It is the largest exploration expedition to the Arctic of all time: trapped in ice, the German research vessel Polarstern drifts for a year through the Arctic Ocean.
As a result, the more than 600 participating scientists from 19 countries can gather important measurement data for the first time throughout the year, including during the Arctic winter. They expect this fundamental knowledge for the understanding of climate change. The mission is led by the Alfred Wegener Institute, Helmholtz Center for Polar and Marine Research (AWI).
125 years ago, Fridtjof Nansen set out on his sailing ship Fram for the first drift expedition of its kind. But an expedition like the one planned now has never happened before: The MOSAiC project brings a modern research icebreaker loaded with scientific instruments near the North Pole for the first time in winter. In addition to Polarstern, other icebreakers are being used to assist in a sophisticated choreography, so that there is always a supply of fuel and food at the right time. For the crew exchange, supply flights and research aircraft, a runway will be set up. In addition, a whole network of stations on the ice will be built around the ship. Here, several research teams set up measuring points to explore the ocean, ice and atmosphere as well as the arctic life in winter. Helicopters, tracked vehicles and snowmobiles are used.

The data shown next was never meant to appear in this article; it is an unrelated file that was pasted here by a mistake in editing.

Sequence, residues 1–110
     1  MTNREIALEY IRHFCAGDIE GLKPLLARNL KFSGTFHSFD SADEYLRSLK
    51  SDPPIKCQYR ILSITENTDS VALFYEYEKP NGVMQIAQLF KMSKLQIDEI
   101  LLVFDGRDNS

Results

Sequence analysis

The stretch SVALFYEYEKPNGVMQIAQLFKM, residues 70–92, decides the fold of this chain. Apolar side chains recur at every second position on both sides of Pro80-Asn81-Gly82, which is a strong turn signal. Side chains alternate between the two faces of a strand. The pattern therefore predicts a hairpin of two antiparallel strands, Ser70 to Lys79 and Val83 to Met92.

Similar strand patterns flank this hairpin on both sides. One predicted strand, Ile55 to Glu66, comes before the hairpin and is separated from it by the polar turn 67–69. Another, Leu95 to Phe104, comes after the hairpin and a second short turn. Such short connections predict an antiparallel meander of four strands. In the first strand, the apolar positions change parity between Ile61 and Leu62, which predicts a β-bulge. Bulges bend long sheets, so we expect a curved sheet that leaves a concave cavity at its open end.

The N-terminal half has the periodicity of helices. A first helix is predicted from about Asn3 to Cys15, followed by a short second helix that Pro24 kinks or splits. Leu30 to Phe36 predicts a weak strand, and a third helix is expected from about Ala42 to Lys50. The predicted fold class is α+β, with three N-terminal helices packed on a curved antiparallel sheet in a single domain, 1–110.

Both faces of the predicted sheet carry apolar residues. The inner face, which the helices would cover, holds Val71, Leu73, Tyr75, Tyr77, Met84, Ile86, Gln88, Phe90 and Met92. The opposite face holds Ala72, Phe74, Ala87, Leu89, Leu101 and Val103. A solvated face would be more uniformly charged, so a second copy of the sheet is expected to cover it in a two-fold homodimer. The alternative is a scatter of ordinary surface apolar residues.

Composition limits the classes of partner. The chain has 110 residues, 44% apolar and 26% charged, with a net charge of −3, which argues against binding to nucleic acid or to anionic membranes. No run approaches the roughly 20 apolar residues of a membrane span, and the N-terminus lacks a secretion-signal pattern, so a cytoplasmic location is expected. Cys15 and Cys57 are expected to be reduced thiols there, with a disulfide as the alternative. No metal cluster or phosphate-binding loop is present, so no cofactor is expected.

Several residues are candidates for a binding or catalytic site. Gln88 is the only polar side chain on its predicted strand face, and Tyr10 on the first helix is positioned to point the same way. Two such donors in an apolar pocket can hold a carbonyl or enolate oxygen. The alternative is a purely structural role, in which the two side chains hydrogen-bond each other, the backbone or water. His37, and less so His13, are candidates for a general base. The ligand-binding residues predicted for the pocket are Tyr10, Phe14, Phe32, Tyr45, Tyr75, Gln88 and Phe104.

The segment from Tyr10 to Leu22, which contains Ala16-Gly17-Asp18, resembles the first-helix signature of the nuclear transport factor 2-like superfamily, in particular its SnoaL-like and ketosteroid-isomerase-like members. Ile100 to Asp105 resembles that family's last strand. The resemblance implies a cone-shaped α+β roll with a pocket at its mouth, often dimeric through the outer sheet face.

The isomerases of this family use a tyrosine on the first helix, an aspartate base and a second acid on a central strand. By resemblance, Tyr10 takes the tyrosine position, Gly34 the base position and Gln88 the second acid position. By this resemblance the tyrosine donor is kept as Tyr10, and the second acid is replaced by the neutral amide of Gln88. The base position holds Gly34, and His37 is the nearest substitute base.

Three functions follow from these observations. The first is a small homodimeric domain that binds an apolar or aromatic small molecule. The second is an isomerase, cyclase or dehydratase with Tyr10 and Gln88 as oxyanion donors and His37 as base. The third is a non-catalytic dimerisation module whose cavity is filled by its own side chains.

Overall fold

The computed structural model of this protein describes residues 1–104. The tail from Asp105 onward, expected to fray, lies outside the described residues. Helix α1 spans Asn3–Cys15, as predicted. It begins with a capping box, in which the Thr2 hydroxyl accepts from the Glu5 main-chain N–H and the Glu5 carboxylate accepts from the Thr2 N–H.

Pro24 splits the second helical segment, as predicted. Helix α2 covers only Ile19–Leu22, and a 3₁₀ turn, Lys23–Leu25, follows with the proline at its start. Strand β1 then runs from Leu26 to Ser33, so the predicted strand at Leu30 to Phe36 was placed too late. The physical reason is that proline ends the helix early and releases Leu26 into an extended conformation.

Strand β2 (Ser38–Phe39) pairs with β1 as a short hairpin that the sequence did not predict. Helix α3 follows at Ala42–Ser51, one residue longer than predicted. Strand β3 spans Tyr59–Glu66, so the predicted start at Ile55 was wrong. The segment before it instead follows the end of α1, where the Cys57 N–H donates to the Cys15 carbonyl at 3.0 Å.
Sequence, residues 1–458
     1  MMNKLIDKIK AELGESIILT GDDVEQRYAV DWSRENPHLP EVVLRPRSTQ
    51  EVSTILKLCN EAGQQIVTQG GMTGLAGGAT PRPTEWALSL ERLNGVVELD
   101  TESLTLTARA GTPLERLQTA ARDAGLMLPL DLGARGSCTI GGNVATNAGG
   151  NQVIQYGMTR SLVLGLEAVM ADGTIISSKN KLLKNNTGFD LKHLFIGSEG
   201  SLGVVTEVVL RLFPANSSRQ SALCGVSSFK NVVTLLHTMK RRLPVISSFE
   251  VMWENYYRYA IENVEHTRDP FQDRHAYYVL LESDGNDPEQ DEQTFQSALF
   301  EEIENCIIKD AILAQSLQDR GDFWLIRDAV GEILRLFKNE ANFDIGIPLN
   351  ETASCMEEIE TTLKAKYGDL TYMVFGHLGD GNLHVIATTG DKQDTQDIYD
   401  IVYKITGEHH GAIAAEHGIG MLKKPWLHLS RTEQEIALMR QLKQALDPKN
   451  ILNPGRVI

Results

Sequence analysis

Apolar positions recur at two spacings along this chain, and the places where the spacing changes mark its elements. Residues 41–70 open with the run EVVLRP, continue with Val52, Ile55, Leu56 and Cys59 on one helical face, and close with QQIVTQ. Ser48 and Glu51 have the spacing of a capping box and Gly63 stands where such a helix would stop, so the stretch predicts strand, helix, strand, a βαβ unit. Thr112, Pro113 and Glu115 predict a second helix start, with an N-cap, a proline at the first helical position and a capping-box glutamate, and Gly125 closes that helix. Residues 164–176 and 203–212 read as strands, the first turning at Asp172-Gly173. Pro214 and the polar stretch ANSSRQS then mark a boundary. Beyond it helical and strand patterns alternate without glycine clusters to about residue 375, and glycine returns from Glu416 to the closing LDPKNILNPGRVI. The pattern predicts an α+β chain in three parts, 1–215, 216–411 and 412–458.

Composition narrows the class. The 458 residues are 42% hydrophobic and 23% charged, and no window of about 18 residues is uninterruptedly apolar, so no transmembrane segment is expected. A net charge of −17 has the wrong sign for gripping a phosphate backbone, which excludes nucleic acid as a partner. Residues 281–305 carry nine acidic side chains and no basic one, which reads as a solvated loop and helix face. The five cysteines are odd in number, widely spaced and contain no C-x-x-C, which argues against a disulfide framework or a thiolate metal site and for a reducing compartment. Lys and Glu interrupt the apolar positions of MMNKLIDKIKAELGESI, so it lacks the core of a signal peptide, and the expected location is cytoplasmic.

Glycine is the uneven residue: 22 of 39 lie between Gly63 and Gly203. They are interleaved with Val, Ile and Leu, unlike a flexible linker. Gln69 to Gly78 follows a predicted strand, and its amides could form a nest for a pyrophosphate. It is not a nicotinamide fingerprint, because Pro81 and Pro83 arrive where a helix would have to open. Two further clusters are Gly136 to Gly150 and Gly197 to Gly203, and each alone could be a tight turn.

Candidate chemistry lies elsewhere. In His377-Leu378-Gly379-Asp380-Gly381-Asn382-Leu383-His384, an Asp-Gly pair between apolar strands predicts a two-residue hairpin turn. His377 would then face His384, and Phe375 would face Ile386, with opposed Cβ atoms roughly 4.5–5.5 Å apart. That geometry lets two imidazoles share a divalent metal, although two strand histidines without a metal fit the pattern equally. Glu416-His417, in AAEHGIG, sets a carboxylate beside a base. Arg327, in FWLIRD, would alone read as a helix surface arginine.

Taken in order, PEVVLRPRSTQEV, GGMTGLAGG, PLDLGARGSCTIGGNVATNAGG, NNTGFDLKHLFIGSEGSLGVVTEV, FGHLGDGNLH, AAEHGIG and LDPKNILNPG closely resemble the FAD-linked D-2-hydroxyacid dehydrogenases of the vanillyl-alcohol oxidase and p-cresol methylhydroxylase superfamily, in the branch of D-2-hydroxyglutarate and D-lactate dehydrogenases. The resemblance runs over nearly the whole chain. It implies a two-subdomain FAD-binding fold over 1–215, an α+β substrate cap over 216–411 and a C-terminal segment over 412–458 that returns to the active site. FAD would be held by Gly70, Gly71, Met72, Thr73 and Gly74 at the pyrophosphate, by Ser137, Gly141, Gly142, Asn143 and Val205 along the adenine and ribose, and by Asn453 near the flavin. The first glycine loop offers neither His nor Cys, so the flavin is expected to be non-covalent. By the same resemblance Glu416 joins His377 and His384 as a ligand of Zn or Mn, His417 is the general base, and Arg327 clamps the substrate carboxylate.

For this purpose, the Alfred Wegener Institute works together with more than 70 other institutions from 19 countries. But the number of people who ride, blows up all previous dimensions.
This elaborate polar mission is necessary because scientists worldwide lack important data to better assess the future of the climate and climate change. The Arctic, the ice cover of the Arctic, the temperatures and currents in the far north have a huge impact on the climate and weather in the temperate latitudes and ultimately in the whole northern hemisphere. Only by truly understanding what is happening in the Arctic will one be able to gauge how the climate will evolve in the future. The problem: Although icebreakers regularly break into the Arctic to collect measurement data. But these expeditions are limited to the summer months, when the sea ice is so thin that the ships can break through. In the icy and dark polar winter, however, the ice is so thick that no research vessel can penetrate into the central Arctic. The scientific community therefore lacks crucial data from the winter half-year – and thus one understands the processes in the Arctic until today only partially. The MOSAiC project will close this gap by exploring the Arctic for a full year without interruption. Which route Polarstern takes is determined by nature alone.
More information: mosaic-expedition.org
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